We were just saying overall so far most of the increase in damage is growth and exposure along the coastline. … Since the number of storms and the strength of the storms making landfall hasn’t gone up, we wouldn’t necessarily expect to see the damage going up for anything other than demographic changes and shifts which have occurred.
WHAT MATTERS: But we do have a story on CNN that because ocean temperatures have risen, the intensification of storms has risen. How does that compare with what you’ve found?
KLOTZBACH: That was one of the many metrics we looked at in the paper. The garden variety, generic definition of rapid intensification is a storm intensifying by 35 miles per hour or more in 24 hours. If we use that definition, we haven’t seen an increasing trend in those storms.
However, if you use a really rapid intensification definition of 60 miles per hour over 24 hours, we did see an increasing trend in that statistic globally. We attributed some of that is due to climate change. The challenge is when you’re looking at these thresholds, 30 years of data is not a ton.
What you expect with climate change is when you talk about global temperature going up one degree. It’s like, well, who really cares if it’s 84 or 85? But it’s how that changes the extremes.
And that’s what we saw in our study as well. The overall number of storms hasn’t necessarily changed. Hurricanes have actually gone down. But we are finding an increase in the percentage of hurricanes at these high intensities, or the storms that intensify quickly – really, really fast. It’s really high intensity thresholds that are going up, not just the general definition.
WHAT MATTERS: You’re very careful in your report to say you’re not predicting what’s going to happen in the future. So I’d like to do that right now and ask what you are looking for in the future. Given the trends that you’ve seen, and given what we know about climate change, what are you anticipating?
KLOTZBACH: Sea level rise, in and of itself – we’re very confident that is occurring, and it’s likely to continue to occur.
Even if storms don’t change at all in intensity, just the fact that the sea level is higher means that when you have that storm surge, it’s going to penetrate farther inland, which obviously increases damage.
Warmer atmosphere holds more moisture, more rain. That obviously causes increases in damage. There’s a lot of debate about whether storms are moving slower, kind of like we’re seeing with Hurricane Ian. It’s going to be moving slowly with really, really heavy rain.
WHAT MATTERS: Is there evidence that storms will get stronger?
KLOTZBACH: The general public always asks if storms are going to get stronger. I think that, unfortunately, from a scientific perspective, is a harder one to answer. Hurricane intensity is a function of water temperatures, which we know are going up, but it’s also a function of temperatures higher up in the atmosphere, which climate change will also increase. That tends to stabilize the atmosphere.
When we said overall storms and hurricanes are actually coming down, a lot of that trend was due to overall the environment trending more toward La Nina, which is colder than normal water in the eastern and central tropical Pacific. Normally that bumps up your Atlantic storms, knocks down your Pacific storms. … The million-dollar question that we don’t know: Is that trend toward La Nina going to continue? Because if that continues, we won’t necessarily see more really strong hurricanes, typhoons – just because overall, the number of storms is going to go down.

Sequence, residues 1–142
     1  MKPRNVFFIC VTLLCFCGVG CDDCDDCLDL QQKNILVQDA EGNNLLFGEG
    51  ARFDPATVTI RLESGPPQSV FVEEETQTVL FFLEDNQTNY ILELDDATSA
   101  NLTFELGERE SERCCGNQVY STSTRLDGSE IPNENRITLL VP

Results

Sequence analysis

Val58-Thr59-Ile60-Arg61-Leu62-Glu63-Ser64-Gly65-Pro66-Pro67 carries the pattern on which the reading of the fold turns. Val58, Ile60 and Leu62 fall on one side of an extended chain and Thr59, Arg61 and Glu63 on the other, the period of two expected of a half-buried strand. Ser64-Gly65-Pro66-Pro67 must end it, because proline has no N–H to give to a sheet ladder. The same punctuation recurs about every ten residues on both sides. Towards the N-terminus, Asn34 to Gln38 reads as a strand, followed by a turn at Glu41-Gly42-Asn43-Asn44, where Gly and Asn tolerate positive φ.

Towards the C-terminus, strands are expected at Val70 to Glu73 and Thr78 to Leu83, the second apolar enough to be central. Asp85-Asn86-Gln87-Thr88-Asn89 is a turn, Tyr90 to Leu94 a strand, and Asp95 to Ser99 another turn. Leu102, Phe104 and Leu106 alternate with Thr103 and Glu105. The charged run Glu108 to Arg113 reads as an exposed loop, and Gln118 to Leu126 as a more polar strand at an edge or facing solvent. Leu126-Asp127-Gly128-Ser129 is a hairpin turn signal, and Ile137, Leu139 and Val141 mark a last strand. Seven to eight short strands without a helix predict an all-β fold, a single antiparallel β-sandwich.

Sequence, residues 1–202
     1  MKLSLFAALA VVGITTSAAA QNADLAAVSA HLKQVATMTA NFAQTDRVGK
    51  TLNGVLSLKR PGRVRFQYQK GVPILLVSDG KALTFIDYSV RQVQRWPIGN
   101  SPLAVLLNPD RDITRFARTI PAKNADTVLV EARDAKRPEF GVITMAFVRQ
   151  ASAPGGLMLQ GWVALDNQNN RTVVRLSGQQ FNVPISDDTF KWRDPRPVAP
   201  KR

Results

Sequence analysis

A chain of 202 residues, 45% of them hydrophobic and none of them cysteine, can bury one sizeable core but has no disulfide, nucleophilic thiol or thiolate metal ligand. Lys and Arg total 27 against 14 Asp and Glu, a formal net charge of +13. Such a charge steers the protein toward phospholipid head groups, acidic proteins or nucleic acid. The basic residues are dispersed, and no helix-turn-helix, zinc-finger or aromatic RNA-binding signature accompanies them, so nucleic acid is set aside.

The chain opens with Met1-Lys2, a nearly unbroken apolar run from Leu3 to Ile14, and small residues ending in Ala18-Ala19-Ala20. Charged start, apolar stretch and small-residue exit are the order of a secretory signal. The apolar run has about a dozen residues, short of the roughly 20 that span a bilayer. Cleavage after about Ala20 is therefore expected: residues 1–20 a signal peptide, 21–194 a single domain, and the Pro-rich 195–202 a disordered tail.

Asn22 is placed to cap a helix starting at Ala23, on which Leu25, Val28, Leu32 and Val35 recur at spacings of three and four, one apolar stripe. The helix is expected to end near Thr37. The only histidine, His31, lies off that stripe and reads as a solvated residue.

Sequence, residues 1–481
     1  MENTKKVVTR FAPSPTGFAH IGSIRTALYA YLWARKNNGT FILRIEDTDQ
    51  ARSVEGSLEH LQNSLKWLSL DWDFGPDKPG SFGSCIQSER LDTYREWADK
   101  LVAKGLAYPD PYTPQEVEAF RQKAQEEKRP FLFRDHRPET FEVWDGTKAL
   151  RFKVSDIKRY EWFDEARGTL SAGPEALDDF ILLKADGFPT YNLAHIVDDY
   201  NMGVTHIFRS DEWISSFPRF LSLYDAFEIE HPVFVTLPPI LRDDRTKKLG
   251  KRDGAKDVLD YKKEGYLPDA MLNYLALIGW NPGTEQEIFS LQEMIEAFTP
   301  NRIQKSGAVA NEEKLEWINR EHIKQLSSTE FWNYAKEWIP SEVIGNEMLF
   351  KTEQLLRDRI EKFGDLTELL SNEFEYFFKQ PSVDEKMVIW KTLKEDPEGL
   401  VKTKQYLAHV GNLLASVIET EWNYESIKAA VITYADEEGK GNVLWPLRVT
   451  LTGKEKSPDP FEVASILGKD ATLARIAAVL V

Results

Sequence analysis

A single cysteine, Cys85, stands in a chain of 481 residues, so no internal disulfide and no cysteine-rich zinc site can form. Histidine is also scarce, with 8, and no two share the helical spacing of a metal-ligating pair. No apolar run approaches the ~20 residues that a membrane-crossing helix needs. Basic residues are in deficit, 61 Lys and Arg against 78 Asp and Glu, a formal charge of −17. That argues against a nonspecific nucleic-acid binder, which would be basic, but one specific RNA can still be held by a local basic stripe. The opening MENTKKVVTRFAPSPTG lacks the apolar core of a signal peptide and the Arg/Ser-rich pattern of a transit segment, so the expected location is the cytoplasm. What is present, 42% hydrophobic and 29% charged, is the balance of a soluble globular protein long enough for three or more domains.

But if we trend more toward El Nino, the Atlantic may go down while the Pacific’s can go way, way up. And so you’re gonna see a lot more damage there and a lot more really strong storms.
That is, to me, one of the biggest scientific questions we need to address, because most climate models say that we should be trending more toward El Nino, whereas the real world says we’re trending more toward La Nina.
That is a huge scientific question that we need to get a handle on if we’re going to make any good assessments of how hurricane activity is going to change in the future.
WHAT MATTERS: If sea levels are higher and the storms are slower moving and they’re dropping more rain, does that suggest that it will get even more expensive in the future?
KLOTZBACH: What we’re finding is that a lot of the damage is from water, whether it be from storm surge or from rainfall.
Not that wind isn’t a problem. If you didn’t have the wind, you wouldn’t have the surge to begin with. Just the background sea level being higher is going to exacerbate the surge, and then the warmer atmosphere is going to increase the rainfall – and then, if the storms do indeed move slower, that’s kind of a double rainfall whammy.
Another factor that has nothing to do with climate change but can also exacerbate flooding is land-use changes. We saw that a lot in Harvey, where people built in bayous, they built in swamps. These areas where normally the water would have runoff are now concrete. You have exacerbated the runoff.
We can modify the built environment to basically increase the damage from storms or decrease if we do things better. That has nothing to do with climate change but also due to a human cause.
There are certainly ways we can mitigate the damage in the future. Building better and building smarter is going to become even more important with climate change potentially amping these things up even more.